Students to stay in touch via Internet after graduation

Students sing the Alma Mater at the U of I Commencement ceremony at Assembly Hall on Sunday afternoon, May 13, 2007. Erica Magda

Students sing the Alma Mater at the U of I Commencement ceremony at Assembly Hall on Sunday afternoon, May 13, 2007. Erica Magda

By Marie Wilson

When Haley Drake graduates, she thinks Facebook will help her keep in touch with friends and classmates.

“Just the news feeds alone give you information on people you haven’t seen in years,” said Drake, senior in Media. “And you can chat and send updates.”

Other seniors also said they think Facebook will continue to be a good communication tool once they graduate.

“Something will come up and you’ll remember your college experience,” said Mark Olson, senior in LAS. “You’ll remember one person and later that day, you can make a note and go on and see how they’re doing.”

Drake is also a member of Always Illinois, a networking site for University students, alumni and faculty.

She said she has not used the site much yet, but she joined it as part of her job search, hoping it could connect her to Illinois alumni working in the field of advertising.

The Alumni Association also works to connect recent graduates with other alumni, said Mary Timmins, associate editor of Illinois Alumni Magazine.

The association capitalizes on students’ tendency to communicate online by giving all seniors temporary memberships and sending them E-mail updates, Timmins said.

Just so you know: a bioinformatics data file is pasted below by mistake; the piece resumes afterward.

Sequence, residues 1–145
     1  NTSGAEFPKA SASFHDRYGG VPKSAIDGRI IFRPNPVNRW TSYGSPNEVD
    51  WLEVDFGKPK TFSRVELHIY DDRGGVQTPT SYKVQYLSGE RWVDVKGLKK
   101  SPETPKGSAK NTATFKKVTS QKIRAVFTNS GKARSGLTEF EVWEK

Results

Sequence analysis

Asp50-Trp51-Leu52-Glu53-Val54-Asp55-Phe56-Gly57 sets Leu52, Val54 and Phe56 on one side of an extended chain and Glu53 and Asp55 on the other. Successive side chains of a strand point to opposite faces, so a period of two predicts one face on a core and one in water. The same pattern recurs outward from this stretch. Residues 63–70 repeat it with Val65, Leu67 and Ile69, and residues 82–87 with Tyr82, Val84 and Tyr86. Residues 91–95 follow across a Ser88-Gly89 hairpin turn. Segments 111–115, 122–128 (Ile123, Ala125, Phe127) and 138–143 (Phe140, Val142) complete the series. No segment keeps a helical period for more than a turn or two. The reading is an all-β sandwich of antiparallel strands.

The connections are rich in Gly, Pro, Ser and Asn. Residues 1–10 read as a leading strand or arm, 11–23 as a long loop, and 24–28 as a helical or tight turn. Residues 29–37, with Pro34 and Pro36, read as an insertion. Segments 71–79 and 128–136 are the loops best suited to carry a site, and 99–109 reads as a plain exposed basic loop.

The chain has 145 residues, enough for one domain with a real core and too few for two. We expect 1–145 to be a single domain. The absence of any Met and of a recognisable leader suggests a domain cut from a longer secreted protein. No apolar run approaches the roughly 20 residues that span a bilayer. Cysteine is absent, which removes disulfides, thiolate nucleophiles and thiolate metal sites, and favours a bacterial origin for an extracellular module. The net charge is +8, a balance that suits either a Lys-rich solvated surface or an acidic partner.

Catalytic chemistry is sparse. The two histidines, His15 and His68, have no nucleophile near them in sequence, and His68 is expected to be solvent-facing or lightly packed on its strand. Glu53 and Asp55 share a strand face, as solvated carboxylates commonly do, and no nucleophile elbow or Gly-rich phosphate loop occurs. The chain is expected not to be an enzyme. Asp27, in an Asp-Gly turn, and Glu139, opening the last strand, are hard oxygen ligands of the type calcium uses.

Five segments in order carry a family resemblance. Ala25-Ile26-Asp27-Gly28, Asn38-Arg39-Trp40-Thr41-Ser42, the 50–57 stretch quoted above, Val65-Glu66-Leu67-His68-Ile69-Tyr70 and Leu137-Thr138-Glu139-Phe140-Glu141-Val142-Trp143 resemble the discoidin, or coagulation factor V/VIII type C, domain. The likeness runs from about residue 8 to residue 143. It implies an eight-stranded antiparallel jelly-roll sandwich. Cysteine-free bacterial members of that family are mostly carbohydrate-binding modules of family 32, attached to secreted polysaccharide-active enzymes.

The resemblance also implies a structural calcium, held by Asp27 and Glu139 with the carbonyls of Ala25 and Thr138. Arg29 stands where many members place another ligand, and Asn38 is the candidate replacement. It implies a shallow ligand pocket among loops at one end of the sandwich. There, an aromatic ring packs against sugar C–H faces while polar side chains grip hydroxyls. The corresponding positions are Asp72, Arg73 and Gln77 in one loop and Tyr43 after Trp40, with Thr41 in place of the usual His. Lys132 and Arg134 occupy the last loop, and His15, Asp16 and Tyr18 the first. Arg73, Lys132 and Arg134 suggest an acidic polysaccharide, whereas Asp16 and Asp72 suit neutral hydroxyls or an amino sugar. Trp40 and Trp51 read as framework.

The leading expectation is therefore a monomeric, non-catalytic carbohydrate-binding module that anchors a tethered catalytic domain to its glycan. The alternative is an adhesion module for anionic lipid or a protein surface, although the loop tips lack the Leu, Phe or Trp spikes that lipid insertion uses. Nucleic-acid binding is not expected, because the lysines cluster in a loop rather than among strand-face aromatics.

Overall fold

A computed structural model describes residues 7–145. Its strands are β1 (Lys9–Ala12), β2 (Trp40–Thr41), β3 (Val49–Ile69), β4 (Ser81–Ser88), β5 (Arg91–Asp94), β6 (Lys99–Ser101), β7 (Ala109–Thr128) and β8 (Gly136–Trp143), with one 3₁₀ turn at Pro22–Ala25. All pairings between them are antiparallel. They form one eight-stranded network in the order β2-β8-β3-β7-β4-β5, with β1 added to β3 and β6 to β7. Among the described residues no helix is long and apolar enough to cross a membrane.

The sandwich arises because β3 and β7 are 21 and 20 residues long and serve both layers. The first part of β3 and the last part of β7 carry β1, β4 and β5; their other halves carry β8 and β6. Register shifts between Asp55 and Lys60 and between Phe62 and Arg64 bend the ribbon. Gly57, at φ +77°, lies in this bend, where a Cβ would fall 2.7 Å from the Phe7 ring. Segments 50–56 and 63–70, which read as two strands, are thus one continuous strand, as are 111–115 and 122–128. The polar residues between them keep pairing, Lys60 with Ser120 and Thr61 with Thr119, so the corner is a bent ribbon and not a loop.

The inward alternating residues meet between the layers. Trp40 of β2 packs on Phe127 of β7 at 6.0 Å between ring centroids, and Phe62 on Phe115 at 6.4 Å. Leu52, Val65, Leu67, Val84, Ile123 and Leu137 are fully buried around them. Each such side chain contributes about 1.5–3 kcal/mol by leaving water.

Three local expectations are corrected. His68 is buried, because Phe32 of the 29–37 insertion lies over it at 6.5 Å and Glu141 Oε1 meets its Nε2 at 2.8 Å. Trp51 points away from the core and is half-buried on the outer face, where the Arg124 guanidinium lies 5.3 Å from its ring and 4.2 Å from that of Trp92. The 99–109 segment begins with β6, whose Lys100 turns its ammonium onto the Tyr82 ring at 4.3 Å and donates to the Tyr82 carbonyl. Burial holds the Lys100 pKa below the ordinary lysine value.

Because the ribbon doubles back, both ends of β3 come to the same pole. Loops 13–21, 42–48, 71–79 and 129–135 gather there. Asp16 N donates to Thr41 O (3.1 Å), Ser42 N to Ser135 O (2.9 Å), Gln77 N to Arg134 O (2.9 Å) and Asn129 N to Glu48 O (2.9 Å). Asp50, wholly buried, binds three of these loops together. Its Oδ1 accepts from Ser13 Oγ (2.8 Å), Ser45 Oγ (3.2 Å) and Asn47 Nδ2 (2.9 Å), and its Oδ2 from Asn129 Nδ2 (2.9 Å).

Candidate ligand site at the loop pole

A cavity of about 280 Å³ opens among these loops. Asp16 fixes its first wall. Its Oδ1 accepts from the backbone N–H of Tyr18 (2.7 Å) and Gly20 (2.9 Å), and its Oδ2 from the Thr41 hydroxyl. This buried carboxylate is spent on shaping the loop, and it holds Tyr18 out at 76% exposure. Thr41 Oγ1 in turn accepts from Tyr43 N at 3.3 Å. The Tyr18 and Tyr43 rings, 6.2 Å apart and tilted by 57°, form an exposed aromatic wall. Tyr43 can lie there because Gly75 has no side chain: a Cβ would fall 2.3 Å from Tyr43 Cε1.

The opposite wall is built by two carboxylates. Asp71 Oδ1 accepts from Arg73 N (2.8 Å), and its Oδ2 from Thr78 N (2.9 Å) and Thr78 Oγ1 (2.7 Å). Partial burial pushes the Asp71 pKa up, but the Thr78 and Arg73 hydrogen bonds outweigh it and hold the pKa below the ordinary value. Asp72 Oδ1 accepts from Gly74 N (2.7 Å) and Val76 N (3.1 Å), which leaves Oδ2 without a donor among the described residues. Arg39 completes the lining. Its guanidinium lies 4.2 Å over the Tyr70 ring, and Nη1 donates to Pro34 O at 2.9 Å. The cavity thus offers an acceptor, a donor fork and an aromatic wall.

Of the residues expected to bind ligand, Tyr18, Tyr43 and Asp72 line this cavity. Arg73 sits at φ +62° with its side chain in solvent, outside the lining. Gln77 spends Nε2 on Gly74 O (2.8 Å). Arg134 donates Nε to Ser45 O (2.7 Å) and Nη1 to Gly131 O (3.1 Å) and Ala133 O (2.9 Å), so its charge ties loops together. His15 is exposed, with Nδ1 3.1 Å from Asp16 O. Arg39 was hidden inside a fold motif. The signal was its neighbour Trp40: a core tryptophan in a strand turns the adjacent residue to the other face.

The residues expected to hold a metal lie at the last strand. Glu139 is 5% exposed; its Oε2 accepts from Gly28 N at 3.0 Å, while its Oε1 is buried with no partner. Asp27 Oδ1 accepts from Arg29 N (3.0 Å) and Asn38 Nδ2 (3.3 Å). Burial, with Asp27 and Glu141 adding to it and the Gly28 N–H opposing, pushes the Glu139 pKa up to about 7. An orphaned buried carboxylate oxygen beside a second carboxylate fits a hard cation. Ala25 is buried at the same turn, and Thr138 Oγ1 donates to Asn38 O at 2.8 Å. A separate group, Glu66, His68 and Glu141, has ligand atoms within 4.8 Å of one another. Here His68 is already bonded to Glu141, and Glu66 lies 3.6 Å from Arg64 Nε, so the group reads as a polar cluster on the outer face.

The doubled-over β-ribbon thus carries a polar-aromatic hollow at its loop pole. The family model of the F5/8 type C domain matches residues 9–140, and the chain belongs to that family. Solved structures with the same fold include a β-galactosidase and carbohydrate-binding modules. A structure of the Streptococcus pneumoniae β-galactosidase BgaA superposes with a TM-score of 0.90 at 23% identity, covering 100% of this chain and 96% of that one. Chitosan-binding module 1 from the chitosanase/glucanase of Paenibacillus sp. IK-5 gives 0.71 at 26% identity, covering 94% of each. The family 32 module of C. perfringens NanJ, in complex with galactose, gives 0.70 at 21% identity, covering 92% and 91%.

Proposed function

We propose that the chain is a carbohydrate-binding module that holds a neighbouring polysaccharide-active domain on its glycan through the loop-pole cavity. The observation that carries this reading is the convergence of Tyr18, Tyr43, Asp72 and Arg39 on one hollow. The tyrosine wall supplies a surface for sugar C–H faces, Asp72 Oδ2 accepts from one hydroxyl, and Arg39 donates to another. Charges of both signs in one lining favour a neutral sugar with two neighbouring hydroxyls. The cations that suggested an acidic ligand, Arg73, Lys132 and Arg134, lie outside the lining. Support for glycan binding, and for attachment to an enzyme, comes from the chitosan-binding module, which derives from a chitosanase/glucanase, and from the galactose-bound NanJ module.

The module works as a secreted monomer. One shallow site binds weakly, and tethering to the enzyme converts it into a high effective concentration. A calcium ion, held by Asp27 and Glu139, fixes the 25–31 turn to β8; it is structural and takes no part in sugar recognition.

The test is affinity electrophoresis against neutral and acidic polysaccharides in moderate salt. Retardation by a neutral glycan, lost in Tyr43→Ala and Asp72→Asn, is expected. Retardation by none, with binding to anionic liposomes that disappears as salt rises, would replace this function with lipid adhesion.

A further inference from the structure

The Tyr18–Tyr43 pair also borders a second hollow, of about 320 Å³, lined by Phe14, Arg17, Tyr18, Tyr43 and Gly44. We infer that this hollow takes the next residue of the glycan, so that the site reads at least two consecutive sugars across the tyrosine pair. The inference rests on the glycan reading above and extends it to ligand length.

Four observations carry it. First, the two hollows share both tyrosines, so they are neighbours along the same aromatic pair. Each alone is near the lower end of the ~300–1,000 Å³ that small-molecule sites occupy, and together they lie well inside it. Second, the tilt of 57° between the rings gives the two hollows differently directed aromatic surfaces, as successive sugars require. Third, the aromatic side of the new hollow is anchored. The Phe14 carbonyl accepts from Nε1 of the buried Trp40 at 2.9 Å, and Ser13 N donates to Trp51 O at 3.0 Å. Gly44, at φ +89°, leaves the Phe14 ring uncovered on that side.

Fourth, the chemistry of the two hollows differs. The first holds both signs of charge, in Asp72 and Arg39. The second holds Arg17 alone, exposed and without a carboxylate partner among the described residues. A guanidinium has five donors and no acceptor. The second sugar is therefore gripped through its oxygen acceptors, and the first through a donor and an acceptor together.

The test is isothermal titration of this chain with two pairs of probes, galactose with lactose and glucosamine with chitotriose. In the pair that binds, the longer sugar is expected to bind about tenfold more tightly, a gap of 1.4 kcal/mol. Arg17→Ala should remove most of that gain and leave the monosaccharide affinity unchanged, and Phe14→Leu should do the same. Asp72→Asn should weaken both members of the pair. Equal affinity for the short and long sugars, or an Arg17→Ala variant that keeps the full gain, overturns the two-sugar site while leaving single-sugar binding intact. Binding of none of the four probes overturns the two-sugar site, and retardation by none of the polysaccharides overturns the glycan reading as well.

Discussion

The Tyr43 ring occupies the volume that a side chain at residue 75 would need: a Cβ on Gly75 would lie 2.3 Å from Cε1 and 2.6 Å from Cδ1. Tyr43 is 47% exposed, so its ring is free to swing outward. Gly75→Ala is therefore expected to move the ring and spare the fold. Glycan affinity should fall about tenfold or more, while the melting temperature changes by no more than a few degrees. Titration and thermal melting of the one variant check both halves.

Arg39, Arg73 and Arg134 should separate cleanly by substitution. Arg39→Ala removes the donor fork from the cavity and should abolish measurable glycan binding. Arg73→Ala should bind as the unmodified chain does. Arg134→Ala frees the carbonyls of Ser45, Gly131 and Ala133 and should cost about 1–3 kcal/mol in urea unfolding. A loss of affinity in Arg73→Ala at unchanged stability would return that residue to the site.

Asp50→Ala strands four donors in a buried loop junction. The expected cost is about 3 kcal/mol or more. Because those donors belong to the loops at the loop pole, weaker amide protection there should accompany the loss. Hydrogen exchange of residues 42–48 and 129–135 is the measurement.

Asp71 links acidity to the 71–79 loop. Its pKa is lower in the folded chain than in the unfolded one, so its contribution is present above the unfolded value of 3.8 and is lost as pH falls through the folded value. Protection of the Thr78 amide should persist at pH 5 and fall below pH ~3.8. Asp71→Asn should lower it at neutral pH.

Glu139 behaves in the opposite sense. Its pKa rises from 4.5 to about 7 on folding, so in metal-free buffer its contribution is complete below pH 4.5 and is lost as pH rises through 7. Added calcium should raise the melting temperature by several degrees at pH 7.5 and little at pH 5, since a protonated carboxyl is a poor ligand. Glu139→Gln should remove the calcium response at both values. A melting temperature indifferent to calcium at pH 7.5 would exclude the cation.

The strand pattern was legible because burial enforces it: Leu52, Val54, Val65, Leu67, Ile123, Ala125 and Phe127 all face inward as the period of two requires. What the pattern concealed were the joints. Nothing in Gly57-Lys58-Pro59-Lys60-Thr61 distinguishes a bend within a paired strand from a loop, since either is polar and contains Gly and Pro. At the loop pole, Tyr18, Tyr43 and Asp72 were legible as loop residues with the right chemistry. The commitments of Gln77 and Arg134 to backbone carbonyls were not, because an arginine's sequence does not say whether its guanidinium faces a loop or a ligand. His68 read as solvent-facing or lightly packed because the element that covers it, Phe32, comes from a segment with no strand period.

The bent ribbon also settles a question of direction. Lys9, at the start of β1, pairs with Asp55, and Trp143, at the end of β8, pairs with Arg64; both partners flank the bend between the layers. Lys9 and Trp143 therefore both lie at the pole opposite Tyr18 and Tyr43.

“Technology certainly allows us to stay in touch with our members,” she said.

“We can e-mail them about upcoming events, but we try to make sure we don’t bombard them.”

If graduated seniors reply to any of the Alumni Association’s e-mails, they will continue hearing from the group about topics such as regional alumni clubs and events in their area, Timmins said.

Drake and Olson said they have been receiving the Alumni Association’s e-mail messages.

Olson said he plans on joining the association eventually, while Drake said she will likely join a smaller alumni group through her sorority, Sigma Kappa.

Ten percent of seniors at all three University of Illinois campuses will continue their automatic memberships and become dues-paying members of the Alumni Association, Timmins added.

The association also maintains an online directory, which Timmins said may be useful for graduates who want to stay connected to their classmates and the University.

Whether they join official alumni groups or not, Drake and Olson think keeping in touch with their friends and classmates will be relatively easy.

“We have so many opportunities to communicate that you can share as much or as little as you want,” Drake said. “And most people share a lot.”